from The American Heritage® Dictionary of the English Language, 4th Edition
- adj. Having no voice; mute.
- adj. Linguistics Uttered without vibration of the vocal cords, as the sounds (t) and (p).
from Wiktionary, Creative Commons Attribution/Share-Alike License
- adj. Lacking a voice, without vocal sound.
from the GNU version of the Collaborative International Dictionary of English
- adj. Having no voice, utterance, or vote; silent; mute; dumb.
- adj. Not sounded with voice; ; surd.
from The Century Dictionary and Cyclopedia
- Having no voice, utterance, or vote; mute; dumb.
- In phonetics, not voiced or sonant; surd.
from WordNet 3.0 Copyright 2006 by Princeton University. All rights reserved.
- adj. deprived of the rights of citizenship especially the right to vote
- adj. produced without vibration of the vocal cords
- adj. being without sound through injury or illness and thus incapable of all but whispered speech
- adj. uttered without voice
Compassion for the voiceless is truly an admirable cause.
Having a voice, after growing up voiceless is a real accomplishment and I feel good about where I am.
The first is called a voiceless stop, the second a voiced stop but the third a voiced aspirate stop.
Giving a voice to the voiceless, that is what blogging can do.
ACORN activists across the country say being the voice for the voiceless is the real story of their organization.
And in fact, for me, one of the most critical challenges on the trade score, Tumi, on debt relief, on all of it is that when Trevor Manuel and other African finance ministers call for a voicing of the voiceless -- in other words, give some representation to Africa and other developing countries in the World Bank and IMF, it's not just because they want to be there at the table; it's precisely because they want to have a say and a stake in determining the policies that are, after all, carved out to help Africans development.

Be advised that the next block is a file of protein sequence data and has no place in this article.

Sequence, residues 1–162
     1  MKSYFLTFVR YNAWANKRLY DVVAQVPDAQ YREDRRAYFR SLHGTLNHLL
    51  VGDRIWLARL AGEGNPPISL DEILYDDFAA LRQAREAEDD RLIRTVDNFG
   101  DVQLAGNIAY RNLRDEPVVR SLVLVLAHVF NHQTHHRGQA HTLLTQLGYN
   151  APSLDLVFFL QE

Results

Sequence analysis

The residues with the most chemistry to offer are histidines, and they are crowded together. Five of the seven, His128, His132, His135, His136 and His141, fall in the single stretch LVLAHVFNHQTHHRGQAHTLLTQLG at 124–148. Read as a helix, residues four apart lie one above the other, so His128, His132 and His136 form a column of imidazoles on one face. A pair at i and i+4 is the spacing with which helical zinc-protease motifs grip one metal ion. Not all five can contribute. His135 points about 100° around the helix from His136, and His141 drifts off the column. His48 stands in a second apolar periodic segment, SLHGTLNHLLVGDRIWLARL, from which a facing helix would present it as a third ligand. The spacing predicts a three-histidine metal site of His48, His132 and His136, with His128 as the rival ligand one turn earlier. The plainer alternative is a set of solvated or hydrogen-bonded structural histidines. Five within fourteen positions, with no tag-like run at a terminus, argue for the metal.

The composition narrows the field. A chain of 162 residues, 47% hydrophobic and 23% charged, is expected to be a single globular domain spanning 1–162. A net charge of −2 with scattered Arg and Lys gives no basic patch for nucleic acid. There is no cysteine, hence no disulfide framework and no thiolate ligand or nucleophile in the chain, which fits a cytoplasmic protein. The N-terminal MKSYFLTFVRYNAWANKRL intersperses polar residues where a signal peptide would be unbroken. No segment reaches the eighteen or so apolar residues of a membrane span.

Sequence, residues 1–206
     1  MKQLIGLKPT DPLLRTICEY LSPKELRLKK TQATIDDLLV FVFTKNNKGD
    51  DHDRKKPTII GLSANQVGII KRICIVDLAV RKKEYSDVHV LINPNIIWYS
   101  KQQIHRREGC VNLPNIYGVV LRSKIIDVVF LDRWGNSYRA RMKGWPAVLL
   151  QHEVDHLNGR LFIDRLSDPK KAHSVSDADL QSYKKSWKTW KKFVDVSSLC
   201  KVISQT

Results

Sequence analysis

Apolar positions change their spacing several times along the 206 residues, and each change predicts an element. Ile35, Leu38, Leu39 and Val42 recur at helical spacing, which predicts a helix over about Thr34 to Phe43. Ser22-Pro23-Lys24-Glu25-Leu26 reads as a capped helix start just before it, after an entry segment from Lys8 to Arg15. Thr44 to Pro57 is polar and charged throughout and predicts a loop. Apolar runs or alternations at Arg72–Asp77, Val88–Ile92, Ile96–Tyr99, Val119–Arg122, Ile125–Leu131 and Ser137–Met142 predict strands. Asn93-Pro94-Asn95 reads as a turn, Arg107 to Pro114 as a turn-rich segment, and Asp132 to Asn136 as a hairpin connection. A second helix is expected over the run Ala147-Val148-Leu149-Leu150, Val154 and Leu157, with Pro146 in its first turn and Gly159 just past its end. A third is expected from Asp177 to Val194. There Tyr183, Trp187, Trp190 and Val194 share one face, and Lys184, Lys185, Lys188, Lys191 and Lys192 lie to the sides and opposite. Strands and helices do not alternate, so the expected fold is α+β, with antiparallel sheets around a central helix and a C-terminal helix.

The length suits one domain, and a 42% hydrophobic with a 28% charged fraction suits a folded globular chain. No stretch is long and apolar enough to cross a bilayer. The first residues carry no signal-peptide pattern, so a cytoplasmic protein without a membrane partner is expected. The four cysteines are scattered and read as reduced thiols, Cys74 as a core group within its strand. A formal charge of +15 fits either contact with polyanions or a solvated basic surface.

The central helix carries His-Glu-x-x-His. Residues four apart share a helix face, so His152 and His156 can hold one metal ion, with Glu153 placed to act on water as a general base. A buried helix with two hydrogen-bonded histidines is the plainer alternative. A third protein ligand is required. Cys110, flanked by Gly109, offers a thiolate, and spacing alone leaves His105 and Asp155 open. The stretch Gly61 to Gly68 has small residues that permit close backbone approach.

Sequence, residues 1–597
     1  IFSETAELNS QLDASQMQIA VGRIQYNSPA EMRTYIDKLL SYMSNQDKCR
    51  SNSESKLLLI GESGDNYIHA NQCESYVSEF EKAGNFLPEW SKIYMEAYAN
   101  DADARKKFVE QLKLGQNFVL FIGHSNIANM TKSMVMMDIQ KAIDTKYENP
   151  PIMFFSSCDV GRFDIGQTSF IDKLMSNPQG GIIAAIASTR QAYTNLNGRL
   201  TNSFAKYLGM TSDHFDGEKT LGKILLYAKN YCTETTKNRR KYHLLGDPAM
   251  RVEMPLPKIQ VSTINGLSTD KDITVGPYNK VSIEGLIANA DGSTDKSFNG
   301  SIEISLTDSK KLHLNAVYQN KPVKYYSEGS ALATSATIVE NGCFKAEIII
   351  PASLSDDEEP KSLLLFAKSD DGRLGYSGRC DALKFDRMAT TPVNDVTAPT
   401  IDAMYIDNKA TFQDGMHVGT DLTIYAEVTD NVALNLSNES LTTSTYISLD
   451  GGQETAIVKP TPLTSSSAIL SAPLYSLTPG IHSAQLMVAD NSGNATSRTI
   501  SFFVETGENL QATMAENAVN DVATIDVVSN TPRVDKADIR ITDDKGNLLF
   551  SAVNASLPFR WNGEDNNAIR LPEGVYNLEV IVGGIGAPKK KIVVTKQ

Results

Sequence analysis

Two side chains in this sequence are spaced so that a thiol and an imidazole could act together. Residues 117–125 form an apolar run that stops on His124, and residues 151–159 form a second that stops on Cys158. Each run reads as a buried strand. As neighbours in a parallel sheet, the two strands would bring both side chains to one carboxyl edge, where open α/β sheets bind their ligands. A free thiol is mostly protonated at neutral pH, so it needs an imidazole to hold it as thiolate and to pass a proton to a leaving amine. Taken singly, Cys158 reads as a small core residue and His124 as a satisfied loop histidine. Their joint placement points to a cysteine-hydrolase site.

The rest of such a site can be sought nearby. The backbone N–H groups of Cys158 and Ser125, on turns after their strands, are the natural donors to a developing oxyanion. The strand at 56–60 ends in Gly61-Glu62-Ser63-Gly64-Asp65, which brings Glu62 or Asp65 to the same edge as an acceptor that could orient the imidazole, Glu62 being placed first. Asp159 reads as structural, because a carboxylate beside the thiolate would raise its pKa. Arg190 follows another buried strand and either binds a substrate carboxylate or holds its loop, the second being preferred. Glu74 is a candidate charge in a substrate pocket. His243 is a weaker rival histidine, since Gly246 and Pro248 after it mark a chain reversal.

-- A neckband translates thought into speech by picking up nerve signals, allowing the first 'voiceless' phone call.
Here below, I'll use the dental stop series of *t, *d and *dh as examples of the general 3-way contrast of PIE stops between what is traditionally described as "voiceless", "voiced" and "voiced aspirated".
Look back at the attitude that a sleek, overfed denizen of the Beltway expresses there towards people who were formerly "voiceless" and their "inexpensive and easily accessible soapboxes."
Tech writing should be relatively "voiceless" large technical documents and libraries are often written by teams, it should clear and unambiguous, and it should present as few problems for translators as possible.